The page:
A United States Military Court’s decision to overturn David Hicks’ conviction for the crime of “material support for terrorism” represents a welcome return to the international rule of law – at least in the US.
I have written previously that material support for terrorism was effectively a “non-crime” at the time of Hicks’ relevant actions. This was not just according to international lawyers, but also according to the DC Circuit Court of Appeals, the Obama administration and even the military prosecutors.
As a result, it was simply not tenable for the Military Court to maintain Hicks’ conviction. It had already recently overturned a similar conviction in the case of Sudanese detainee Noor Muhammed.
Hicks was captured in 2001 and alleged to have aided the Taliban in Afghanistan against US interests. Several charges were laid, but after a series of legal challenges in and to the Military Commissions, all but the charge for “material support for terrorism” were dropped.
To gain his freedom – he had, by this time, been detained and allegedly mistreated for several years – Hicks eventually entered what is known as an “Alford plea”, a curious legal device which lets the defendant accept punishment without actually confessing guilt. As a result, he was sentenced in March 2007 to seven years’ imprisonment, suspended for all but nine months. After two months, he was transferred to Australia to serve the remainder of his sentence.
In 2012, the DC Appeals Court held – in a separate but related case – the charge to be ill-founded. Although part of Hicks’ plea agreement was that he would not challenge his conviction, Hicks has maintained he only signed the agreement under duress, calling its validity into question.
Consequences for the Australian government
However, it now seems that Hicks will not be seeking an official apology. He is merely expressing the hope that he will receive assistance in what he says is:
… becoming an expensive exercise to fix myself from torture.
In explaining why it will not make either concession, the Australian government has consistently argued that Hicks “revelled in jihad” and was “up to no good” in Afghanistan. Attorney-General George Brandis recently added that Hicks’ activities “might now be illegal under Australian law”.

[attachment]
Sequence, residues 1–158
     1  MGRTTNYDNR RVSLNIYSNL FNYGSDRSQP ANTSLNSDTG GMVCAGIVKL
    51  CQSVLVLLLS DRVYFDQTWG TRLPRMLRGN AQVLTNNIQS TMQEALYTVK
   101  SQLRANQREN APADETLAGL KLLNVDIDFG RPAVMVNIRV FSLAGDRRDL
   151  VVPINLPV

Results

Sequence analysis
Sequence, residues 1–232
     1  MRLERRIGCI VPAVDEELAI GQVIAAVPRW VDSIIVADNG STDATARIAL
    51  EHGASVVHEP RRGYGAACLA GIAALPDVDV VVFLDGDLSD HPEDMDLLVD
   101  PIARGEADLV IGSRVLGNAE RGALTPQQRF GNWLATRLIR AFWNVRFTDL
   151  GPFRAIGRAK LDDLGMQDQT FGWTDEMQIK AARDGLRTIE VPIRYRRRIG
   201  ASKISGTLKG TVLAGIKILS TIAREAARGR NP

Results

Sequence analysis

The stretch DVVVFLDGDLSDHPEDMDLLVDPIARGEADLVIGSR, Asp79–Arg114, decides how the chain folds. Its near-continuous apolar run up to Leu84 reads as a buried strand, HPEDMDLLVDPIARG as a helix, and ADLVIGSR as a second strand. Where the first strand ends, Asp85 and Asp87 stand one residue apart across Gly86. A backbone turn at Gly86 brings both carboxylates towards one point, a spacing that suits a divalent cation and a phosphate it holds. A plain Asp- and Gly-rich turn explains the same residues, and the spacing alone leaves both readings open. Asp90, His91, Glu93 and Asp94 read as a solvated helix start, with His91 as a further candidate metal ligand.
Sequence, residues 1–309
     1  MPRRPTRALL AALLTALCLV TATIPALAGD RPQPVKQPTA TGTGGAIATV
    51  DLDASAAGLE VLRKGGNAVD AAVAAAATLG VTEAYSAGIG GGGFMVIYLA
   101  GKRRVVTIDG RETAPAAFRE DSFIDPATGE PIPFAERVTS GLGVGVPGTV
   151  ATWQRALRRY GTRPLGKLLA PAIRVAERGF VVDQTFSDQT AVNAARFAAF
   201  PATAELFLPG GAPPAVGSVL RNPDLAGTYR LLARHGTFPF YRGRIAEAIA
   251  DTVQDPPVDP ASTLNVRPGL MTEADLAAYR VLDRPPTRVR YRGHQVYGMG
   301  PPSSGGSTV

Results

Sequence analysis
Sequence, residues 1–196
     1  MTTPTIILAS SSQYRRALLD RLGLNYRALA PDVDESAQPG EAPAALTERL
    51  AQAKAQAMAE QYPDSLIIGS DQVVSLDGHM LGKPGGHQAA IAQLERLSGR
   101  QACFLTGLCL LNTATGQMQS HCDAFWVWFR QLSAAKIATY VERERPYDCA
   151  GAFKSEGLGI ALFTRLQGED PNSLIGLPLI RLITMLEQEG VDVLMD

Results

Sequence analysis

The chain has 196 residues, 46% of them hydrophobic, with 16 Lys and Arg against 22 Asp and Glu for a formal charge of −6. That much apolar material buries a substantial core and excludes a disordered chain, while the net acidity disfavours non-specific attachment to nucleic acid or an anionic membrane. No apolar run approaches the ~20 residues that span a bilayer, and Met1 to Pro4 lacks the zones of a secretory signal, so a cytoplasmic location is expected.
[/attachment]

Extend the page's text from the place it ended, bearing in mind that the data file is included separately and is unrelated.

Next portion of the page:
While all of this may be relevant to the question of an apology – a political remedy – it is irrelevant to the question of legal remedies, including compensation.
Under articles 2 and 9 of the International Covenant on Civil and Political Rights (ICCPR), those who are detained arbitrarily or illegally are owed an “effective remedy” – there is no exception for the “undeserving”.
Hicks’ is not an isolated case. The Australian government recently vehemently dismissed a recommendation from the Human Rights Commission, based on article 9, to compensate a man who was wrongfully detained beyond the length of his prison sentence. Former immigration minister Scott Morrison’s comment that the commission “seems to be always arguing for a fair go for those who have forfeited that right [to personal liberty] by their own behaviour” reveals an attitude fundamentally antithetical to the rule of law.
Under international law, everyone has rights simply by virtue of being human. These rights may be limited – or even suspended in case of grave emergency – according to law, but not otherwise. To argue that “bad people” have no rights is not only legally incorrect; it sets a dangerous precedent for arbitrary rule.
In Hicks’ case, we are talking about possible compensation for years of physical and psychological abuse. The mistreatment of detainees at Guantanamo Bay is hardly in dispute any longer. Even the prosecutor who laid the charges against Hicks has openly petitioned for the whole operation to be closed down based on his knowledge of how the detainees are treated.
That Hicks was detained on bogus charges alone entitles him to a remedy. But his mistreatment, which potentially constitutes a breach of both the ICCPR and the UN Convention Against Torture, and its consequences – the need for ongoing medical care – mean that adequate (that is, substantial) compensation is required if the remedy is to be “effective” as defined in international jurisprudence.
If the matter came before an international tribunal, there would likely also be recommendations to “make official inquiries into the circumstances giving rise to the breach”, and to “take measures to prevent similar violations in the future”.
Based on the Abbott government’s stance to date, there seems little chance of an effective remedy being provided – at least not voluntarily. A suit based on domestic law might be Hicks’ only recourse, but he would face substantial jurisdictional hurdles given that most of the potential claims relate to his treatment in another country.
There is some evidence that an ALP government might respond differently. But given the record of both sides of politics in responding to remedial recommendations from the UN Human Rights Committee, it is hard not to be sceptical.